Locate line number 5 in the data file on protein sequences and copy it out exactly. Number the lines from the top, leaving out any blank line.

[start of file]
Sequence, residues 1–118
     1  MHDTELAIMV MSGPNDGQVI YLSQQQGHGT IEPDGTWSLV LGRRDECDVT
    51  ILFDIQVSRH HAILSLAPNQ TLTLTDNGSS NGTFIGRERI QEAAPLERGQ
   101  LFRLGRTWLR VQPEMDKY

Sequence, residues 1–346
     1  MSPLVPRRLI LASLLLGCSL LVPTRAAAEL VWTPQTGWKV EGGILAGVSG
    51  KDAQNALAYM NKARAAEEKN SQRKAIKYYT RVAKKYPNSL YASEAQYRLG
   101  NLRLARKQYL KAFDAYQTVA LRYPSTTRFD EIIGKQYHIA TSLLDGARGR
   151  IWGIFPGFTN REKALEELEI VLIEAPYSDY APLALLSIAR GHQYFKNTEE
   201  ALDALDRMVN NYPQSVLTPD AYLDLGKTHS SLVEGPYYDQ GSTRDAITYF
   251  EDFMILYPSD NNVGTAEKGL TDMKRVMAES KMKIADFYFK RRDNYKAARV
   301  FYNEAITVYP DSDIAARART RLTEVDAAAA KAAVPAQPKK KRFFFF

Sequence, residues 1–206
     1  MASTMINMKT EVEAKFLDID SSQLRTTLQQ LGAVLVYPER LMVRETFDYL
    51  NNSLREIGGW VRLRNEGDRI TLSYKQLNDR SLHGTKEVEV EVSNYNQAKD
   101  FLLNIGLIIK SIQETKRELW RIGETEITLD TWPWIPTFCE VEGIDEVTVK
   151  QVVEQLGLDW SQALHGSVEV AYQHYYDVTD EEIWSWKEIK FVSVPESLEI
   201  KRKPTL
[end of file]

Sequence, residues 1–346